-- Family/background: "I was born in Mexico, but my family moved to San Diego when I was a baby. That's where I grew up. My family is still in San Diego. I moved to Ohio to go to school, and then moved to Atlanta. I met my wife at the airport in Columbus, Ohio."
-- Career: "I work for Corwin Robison State Farm agency."
-- What are your hobbies? "Cooking, of course; travel; dining; Rollerblading; jogging; biking; movies. Would like to get my master's."
--Who taught you to cook? "I had to learn how to cook while I was away for college. I'd call my mom a lot for recipes and advice."
--How did your love of cooking develop: "I didn't care for it at first; it was just something that I had to do. But after a while, and lots of practice, I actually began enjoying my food. Then I started to experiment, and cooking has since become a great source of pleasure."
--Culinary roots: "I mainly grew up on Mexican food. We had a lot of salsas, guacamole; there was a lot of grilling, and a lot of fresh ingredients. My mother got her cuisine from her mother, who was from Guadalajara. After we came to San Diego, my mother started experimenting and started introducing us to other things."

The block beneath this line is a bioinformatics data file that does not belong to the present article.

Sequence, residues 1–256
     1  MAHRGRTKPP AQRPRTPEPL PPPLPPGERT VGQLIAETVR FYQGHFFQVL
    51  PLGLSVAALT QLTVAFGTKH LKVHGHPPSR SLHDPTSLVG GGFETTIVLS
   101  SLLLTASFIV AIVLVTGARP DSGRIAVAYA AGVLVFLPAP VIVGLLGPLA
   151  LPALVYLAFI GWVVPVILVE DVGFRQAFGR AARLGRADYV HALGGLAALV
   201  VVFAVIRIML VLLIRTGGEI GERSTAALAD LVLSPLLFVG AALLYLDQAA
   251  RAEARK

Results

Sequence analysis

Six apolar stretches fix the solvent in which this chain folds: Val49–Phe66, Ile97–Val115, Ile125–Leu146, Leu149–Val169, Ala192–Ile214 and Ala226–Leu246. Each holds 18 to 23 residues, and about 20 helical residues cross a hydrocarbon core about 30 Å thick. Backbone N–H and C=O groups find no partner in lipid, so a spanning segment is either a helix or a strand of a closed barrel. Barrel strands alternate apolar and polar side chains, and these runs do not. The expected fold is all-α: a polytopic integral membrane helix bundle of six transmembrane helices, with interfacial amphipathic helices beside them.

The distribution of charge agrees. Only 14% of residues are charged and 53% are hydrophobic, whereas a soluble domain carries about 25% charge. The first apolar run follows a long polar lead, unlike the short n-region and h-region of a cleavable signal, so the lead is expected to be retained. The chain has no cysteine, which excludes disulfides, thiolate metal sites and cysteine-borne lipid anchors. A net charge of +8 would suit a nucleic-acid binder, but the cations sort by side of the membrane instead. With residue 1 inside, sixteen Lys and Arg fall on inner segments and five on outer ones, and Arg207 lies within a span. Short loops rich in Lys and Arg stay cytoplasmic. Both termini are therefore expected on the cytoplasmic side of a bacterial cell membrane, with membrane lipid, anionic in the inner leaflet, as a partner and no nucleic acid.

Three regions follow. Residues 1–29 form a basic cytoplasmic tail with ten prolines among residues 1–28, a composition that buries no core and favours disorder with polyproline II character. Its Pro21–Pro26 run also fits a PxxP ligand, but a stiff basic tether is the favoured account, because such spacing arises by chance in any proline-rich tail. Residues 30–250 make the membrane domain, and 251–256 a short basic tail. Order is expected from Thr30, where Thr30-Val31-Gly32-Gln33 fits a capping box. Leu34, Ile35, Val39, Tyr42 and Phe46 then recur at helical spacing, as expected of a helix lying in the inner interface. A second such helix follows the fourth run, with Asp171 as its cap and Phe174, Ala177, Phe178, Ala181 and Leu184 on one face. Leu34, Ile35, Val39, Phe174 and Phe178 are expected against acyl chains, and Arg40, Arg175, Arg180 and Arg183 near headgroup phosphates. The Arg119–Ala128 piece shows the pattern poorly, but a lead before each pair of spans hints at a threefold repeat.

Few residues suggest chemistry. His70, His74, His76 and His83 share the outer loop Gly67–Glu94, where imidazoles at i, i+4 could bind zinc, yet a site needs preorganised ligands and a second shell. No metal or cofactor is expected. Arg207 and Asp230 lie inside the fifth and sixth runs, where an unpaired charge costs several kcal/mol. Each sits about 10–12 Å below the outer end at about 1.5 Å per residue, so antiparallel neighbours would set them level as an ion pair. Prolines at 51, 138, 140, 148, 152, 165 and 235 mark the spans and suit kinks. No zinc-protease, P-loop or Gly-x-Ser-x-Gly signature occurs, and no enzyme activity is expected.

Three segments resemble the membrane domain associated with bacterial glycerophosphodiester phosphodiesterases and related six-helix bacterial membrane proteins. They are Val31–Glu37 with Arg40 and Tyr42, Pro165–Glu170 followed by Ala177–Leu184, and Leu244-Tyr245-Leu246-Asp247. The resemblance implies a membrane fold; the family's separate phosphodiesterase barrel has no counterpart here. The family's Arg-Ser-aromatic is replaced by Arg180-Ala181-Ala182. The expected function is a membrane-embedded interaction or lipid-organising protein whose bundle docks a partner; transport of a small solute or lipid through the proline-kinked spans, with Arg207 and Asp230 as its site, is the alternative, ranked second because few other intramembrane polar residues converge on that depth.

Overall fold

-- Cooking style: Spicy south-of-the-border.
-- Early food memory: "It was on one of our family trips in Michoac‡n, Mexico -- the western central highlands. We took a small dugout boat to an island on Lake P‡tzcuaro, where we had an enormous feast. I remember sitting outside on homemade benches under a large homemade shade with food coming at us nonstop. The fish was served and prepared in a variety of ways, shrimp skewers were being passed around with lime wedges and hot sauce, and huge trays of shellfish were also served. The best meal was the sea turtle soup. It's not legal to hunt anymore, but . . . it has to be the best meat I've ever tasted. Delicious!
-- For whom do you cook? "I like to cook for my wife and friends. When I'm home visiting my parents, I'll help out and keep my ears open to pick up new ideas and tips."
-- Most enjoyable aspect of cooking: "Waiting for the final product."
-- Specialties: "Seviche, fish tacos, salsa and posole, which is a staple Mexican dish. It's a stew that varies from region to region. The name refers to the hominy that is soaked in lime to remove the outer skin and to puff them up. It is slow-cooked and can be made with beef, pork or fish."